Posts from August 2014.

Some public agencies routinely deny access to invoices for attorney services, claiming that such bills contain information protected by the attorney-client privilege.  OPRA, however, specifically mandates that these bills must be made available in response to an OPRA request.  The public bills may, however, “be redacted to remove any information protected by the attorney-client privilege.”

Recently, a public agency attempted to charge a requestor an hourly rate for its attorney’s time to review the legal bills and redact them for privileged information. The public ...

Posted in OPRA Q&As

When a dispute involves a public agency, public property, or public resources, the Open Public Records Act (OPRA) can be an important information gathering tool, whether a lawsuit has already been filed or a party is simply gathering facts necessary to draft the complaint and initiate the litigation. Thus, OPRA is frequently used as a litigation tool by those who do business with public agencies or those who purchase or lease public property, such as construction companies and real estate developers.

Our courts have found that it is perfectly acceptable to use OPRA in lieu of written ...

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When you make a valid OPRA request, a public agency has seven business days to respond. But, if your request is invalid for some reason, the custodian can deny your request.  The clock will then start all over again if you re-write your request and re-submit it.  Here are some basic guidelines to help you craft requests that will be upheld by the courts:

  1. Make sure that your request seeks a record, and not information. Invalid Request ...

Pursuant to the Open Public Meetings Act (OPMA), meeting minutes must be “promptly available” to the public.  Our courts have held that “promptly available” means within two weeks after the public body’s last meeting or at least 48 hours prior to the next meeting. At any point after that, you are free to submit an OPRA request for the minutes and access must be granted within seven (7) business days.  But what about closed/executive session minutes?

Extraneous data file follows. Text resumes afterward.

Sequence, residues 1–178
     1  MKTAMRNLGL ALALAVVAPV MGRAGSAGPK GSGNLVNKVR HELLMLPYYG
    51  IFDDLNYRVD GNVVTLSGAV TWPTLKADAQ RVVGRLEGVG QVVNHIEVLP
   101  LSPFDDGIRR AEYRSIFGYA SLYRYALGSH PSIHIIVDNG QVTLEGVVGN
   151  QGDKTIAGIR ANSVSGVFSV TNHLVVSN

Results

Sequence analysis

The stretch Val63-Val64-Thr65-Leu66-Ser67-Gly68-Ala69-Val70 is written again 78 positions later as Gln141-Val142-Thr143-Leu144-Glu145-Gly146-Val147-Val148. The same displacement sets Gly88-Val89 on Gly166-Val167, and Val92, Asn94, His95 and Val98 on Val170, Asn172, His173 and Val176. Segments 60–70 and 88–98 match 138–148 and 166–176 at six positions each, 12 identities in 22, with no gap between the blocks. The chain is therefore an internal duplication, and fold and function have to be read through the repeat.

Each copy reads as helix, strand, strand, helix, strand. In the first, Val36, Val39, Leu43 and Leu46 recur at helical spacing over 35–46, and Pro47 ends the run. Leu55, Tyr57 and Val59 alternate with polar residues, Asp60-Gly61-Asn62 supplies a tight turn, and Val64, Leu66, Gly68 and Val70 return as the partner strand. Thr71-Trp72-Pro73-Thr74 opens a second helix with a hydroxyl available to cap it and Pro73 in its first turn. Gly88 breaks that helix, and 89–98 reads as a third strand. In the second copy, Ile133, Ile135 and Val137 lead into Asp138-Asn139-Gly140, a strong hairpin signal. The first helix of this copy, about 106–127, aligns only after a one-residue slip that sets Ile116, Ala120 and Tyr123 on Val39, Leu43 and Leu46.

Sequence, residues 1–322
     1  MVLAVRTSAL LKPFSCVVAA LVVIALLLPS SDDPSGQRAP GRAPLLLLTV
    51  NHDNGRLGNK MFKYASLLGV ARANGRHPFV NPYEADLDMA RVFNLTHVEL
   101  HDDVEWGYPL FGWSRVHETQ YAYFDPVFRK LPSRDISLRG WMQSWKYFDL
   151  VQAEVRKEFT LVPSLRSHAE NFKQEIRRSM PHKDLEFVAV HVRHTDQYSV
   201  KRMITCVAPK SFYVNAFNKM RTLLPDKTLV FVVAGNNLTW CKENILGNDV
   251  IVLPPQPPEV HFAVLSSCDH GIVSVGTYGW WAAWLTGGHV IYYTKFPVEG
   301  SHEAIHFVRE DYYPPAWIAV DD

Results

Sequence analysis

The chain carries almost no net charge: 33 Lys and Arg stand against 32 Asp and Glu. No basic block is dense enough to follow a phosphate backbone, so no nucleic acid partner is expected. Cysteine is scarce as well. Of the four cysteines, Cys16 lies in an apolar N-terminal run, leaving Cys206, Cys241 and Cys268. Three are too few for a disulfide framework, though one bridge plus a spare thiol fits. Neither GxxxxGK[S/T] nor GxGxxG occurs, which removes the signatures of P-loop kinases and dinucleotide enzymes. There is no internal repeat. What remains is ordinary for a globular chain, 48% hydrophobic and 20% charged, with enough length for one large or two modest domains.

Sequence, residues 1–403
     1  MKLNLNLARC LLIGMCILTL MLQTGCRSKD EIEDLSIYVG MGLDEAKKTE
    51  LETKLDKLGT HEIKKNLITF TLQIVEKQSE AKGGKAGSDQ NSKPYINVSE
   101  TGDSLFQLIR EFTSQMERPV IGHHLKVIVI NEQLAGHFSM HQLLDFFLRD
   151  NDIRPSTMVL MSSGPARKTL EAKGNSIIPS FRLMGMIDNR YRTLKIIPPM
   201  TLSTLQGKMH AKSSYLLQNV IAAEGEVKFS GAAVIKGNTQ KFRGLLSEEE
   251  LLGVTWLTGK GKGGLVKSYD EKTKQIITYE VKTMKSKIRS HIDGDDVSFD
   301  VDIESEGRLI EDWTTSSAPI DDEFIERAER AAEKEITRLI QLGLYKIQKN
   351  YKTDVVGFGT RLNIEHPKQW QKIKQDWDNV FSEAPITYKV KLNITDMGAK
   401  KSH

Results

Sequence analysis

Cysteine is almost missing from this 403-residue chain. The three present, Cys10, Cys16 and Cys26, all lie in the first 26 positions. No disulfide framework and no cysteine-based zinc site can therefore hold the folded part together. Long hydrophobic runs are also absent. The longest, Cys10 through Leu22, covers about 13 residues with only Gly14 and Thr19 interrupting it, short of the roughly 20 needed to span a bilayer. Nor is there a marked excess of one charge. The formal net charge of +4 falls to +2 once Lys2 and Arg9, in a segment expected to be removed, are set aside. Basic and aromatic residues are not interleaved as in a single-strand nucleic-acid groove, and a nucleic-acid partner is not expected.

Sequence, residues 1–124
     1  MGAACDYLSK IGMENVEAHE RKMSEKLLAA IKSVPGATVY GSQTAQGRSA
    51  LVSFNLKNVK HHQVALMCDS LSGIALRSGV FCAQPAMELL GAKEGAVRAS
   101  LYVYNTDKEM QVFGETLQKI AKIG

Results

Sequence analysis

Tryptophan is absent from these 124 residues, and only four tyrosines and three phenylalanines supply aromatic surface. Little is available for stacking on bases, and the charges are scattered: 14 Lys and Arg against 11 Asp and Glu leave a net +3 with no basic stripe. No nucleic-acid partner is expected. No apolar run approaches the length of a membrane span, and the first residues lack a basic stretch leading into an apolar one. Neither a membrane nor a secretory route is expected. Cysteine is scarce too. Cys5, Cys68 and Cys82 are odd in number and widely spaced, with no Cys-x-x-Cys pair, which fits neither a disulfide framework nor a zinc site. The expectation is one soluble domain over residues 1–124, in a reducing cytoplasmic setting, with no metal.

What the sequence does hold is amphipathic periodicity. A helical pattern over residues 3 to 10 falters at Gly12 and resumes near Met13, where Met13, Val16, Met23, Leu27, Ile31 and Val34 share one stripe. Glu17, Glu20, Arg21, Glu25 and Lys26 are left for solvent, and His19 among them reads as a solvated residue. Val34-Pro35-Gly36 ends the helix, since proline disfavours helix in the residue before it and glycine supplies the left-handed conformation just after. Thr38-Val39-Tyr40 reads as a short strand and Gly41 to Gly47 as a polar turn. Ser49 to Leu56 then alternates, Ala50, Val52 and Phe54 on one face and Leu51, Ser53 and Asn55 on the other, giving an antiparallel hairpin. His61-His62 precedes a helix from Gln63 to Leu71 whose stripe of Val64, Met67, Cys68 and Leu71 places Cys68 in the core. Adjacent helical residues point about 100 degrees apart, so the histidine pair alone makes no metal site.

OPMA allows a public body to meet in closed session to shield certain information from the public. Among other things, these ...

Posted in OPRA Q&As

Per OPRA, public agencies must respond to a request for records within seven business days. But what do you do if the government fails to respond (a deemed denial) or unlawfully refuses to grant access to the records?

The best course of action is to immediately speak to an attorney, who can work with you to gain access to the records. This frequently requires a lawsuit filed in Superior Court.  The most important thing to remember is that your action must be filed within the statute of limitations, which is 45 days. The process for filing in Superior Court is as follows:

  • A Verified Complaint and ...
Posted in OPRA Cases

Over the past few years, New Jersey courts have expanded the definition of “public agency” under the Open Public Records Act (“OPRA”) so that it covers more than what is traditionally thought to be a government agency (i.e. municipalities and state agencies).  Through a series of cases, our courts have made it clear that non-profit corporations can be subject to OPRA if they serve as an “instrumentality” of a public agency.

Last week, the Hon. Judge Peter E. Doyne held that the Rutherford Downtown Partnership (“RDP”), a non-profit organization that manages the ...

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